The opinion of the court was delivered by: JAMES ROBERTSON
Before the Court is the motion of plaintiff Johnston Lemon & Co., Inc. to vacate National Association of Securities Dealers Arbitration Award No. 92-00218. A ruling on plaintiff's motion will terminate this case, and, the parties agree, will also conclude the action these same defendants have brought in D.C. Superior Court to confirm the same arbitration award.
This action arises out of claims brought by two groups of investors against Johnston Lemon and defendant Bill G. Smith, who was then an employee of Johnston Lemon. The investor claims were submitted to NASD for arbitration. In the first arbitration, Johnston Lemon cross-claimed against Smith and attempted to cross-claim against defendant Paula Michaels, who was then also a Johnston Lemon employee. The arbitration pane dismissed the cross-claim against Michaels. Reaching the merits, it entered an award against Johnston Lemon, but not against Smith. In the second arbitration Johnston Lemon again cross-claimed against Smith and Michaels. This time Smith and Michaels asserted counterclaims against Johnston Lemon on various tort theories (defamation, intentional infliction of emotional distress, and tortious interference with business relationships). Johnston Lemon settled with the investors in the second arbitration and attempted to settle as well with Smith and Michaels, offering to dismiss the cross-claims if Smith and Michaels would dismiss their counterclaims. Smith and Michaels refused. A hearing was then held on the cross-claims and counterclaims, and the arbitration panel made a substantial award to Smith and Michaels.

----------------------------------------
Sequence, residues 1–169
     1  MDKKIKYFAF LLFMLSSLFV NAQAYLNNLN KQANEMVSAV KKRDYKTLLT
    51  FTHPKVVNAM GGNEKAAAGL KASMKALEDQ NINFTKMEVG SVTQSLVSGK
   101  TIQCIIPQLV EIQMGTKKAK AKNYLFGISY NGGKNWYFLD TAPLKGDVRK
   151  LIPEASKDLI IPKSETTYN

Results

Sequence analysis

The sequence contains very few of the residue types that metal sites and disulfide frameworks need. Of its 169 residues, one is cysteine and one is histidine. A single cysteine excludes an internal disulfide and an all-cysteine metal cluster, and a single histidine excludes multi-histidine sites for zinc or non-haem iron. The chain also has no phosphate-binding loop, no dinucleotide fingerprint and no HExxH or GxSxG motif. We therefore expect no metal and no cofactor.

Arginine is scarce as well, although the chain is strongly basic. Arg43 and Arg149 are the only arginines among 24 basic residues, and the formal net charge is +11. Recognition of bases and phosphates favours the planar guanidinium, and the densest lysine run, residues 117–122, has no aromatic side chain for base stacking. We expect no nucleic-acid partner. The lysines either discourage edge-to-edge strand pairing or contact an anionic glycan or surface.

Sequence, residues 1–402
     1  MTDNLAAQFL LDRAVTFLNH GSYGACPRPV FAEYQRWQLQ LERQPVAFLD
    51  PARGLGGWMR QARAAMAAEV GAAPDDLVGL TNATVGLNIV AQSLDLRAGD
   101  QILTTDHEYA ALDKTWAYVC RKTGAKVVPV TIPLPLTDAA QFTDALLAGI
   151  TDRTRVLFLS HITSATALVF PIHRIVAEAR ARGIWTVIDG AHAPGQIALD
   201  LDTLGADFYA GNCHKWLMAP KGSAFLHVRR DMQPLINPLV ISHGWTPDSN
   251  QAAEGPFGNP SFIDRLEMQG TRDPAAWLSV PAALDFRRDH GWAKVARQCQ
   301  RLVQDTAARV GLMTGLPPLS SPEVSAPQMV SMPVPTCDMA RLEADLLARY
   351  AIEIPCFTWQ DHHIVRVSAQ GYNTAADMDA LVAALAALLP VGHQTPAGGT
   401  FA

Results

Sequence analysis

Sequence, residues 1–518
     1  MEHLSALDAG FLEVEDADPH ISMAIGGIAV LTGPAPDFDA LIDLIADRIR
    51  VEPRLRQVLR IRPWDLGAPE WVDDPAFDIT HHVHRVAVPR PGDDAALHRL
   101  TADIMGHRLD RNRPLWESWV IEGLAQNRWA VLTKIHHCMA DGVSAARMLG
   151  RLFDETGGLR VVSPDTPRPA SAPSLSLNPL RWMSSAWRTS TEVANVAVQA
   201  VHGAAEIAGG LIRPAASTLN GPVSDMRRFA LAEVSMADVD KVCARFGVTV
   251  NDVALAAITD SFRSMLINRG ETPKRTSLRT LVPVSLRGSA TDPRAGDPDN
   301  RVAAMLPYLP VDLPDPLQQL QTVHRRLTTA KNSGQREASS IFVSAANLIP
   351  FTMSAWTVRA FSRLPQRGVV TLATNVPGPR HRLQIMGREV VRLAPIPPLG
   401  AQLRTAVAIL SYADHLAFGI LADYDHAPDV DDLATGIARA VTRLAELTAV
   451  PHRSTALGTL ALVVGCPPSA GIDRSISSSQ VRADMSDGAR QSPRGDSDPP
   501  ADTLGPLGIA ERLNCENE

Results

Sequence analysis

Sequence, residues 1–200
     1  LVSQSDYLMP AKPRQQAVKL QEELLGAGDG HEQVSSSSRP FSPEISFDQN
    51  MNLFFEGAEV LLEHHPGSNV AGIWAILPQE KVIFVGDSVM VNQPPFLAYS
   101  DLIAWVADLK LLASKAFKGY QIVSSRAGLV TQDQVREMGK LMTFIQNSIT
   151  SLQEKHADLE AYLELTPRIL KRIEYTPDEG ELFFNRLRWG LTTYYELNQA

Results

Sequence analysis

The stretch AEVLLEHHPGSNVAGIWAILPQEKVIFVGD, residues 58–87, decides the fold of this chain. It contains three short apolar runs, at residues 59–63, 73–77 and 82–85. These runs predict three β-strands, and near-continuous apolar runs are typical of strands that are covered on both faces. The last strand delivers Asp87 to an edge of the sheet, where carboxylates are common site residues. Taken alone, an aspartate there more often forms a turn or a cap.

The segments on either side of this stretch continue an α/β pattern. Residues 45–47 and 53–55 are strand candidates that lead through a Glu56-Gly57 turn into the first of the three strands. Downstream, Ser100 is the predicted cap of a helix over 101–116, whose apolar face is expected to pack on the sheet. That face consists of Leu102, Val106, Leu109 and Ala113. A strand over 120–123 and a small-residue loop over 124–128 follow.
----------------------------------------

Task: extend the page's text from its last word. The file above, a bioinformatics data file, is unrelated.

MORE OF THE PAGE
Johnston Lemon's motion to vacate the arbitration award advances three arguments. All of them must be analyzed under the general rule that judicial review of arbitral awards is extremely limited, consistent with the intent of the Federal Arbitration Act, 9 U.S.C. § 1, et seq., to create a speedy efficient and binding alternative to litigation. See Revere Copper and Brass Inc. v. Overseas Private Investment Corp., 202 U.S. App. D.C. 81, 628 F.2d 81 (D.C. Cir. 1980) cert. denied, 446 U.S. 983, 64 L. Ed. 2d 839, 100 S. Ct. 2964 (1980).
The first argument is that the arbitrators exceeded their powers when they awarded damages to Smith and Michaels on their counterclaims. The apparent thrust of the arbitration award was that it was unfair of Johnston Lemon to pursue its claim for indemnification against Smith and Michaels, particularly after the first arbitration had concluded with rulings in their favor. Plaintiff argues that the counterclaims were beyond the scope of the arbitration and that the panel "manifestly disregarded" the law when it awarded damages on the counterclaims because the District of Columbia recognizes an absolute privilege for the pursuit of claims in litigation and arbitration, see, e.g., Brown v. Shimabukuro, 118 F.2d 17, 18, 73 App. D.C. 194 (D.C. Cir. 1982); Sturdivant v. Seaboard Service System, Ltd., 459 A.2d 1058 (D.C. 1983) (expressly extending privilege to arbitration proceedings).